Sharing the Washington Experience
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Having worked in his Washington, D.C., office, Lorraine Lewis remembers how Sen. John Glenn welcomed staffers to not only author policy memos but also attend committee briefings where he discussed the resulting recommendations.
“As a boss myself moving forward in my own life, I have always tried to live by the same rule,” said Lewis, now executive director of the United Mine Workers of America Health and Retirement Funds. “I go out of my way to ensure it’s not just the manager who can come in and do the presentation, but it’s the staffer.”
“I never would have had that kind of experience, working with such an intelligent and energetic world leader as Sen. Glenn, had I not moved to Washington, D.C., and found my way to his Senate office,” said Lewis, who was general counsel of the Senate Governmental Affairs Committee, which Glenn chaired.
Lewis and another former staffer, Eileen Bradner, helped establish and fund the Friends and Former Staff of Senator John Glenn Endowed WAIP Scholarship Fund to provide housing support for students in the Glenn College Washington Academic Internship Program (WAIP).
(from left) Former Nucor Steel Tuscaloosa employee Michael Corbell; Eileen Bradner; Rep. Terri Sewell, D-Ala.; and 2019 WAIP intern Megan Ryser meet in Sewell’s office.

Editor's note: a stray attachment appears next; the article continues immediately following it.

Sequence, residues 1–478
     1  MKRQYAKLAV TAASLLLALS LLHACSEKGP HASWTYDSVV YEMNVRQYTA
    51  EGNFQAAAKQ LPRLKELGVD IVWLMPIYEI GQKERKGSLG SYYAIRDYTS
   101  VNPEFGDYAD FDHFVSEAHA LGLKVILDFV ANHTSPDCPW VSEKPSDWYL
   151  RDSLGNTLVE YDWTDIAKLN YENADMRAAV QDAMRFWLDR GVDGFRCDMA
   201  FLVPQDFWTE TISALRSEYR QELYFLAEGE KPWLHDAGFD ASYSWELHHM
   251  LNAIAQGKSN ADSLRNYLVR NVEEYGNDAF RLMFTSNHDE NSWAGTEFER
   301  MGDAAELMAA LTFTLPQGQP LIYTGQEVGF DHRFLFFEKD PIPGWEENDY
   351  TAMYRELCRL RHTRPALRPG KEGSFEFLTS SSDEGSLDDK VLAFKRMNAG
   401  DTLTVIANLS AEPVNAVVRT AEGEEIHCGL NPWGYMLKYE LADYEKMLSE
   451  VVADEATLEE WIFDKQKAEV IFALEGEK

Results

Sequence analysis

WAIP selects outstanding Ohio State undergraduates from any major to spend a semester in Washington, D.C., as John Glenn Fellows. Students earn academic credit for the completion of an internship, policy paper and professional development. The program offers Fellows the opportunity to meet policy professionals, network with Ohio State alumni and explore all that Washington, D.C., has to offer.
“Working in Washington during my college summers was life-changing for me, and I want the next generation to have the same valuable experience,” said Bradner, who served as staff to the Senate Special Committee on Aging, which Glenn chaired, and as a legislative assistant in the Senate office. “These scholarships enable students who may not otherwise be able to afford to come to D.C. for a semester to do so."
Lorraine Lewis, second from left, with WAIP mentees (from left) Maggie Ash, Athina Lawson and Ishrat Sanjida at the Kennedy Center Opera House in Washington, D.C., in 2019
Another former staffer, Chris Jennings, set up a matching gift of $25,000 over five years to encourage other former staffers to continue growing the fund, making it possible to add more awards in future years. Jennings, now founder and president of Jennings Policy Strategies Inc., was a professional staff member for the Special Committee on Aging. His match has already been partially met thanks to a recent $10,000 gift in honor of Mary Jane Veno, Glenn’s former chief of staff.
“The more financing support we can secure, the greater the number of extraordinary, life-changing experiences we can provide for our Glenn program interns,” Jennings said. “This won’t just benefit them; if we do it right, it will pay public policy dividend for our nation and its citizens for decades to come.”
“Mike’s and Chris’ careers very much mirror all the dedication and commitment and creativity that Sen. Glenn brought,” Lewis said. “So, they are two shining examples of how their gratitude to Sen. Glenn has shown every day in what they do in their own work and their daily lives.”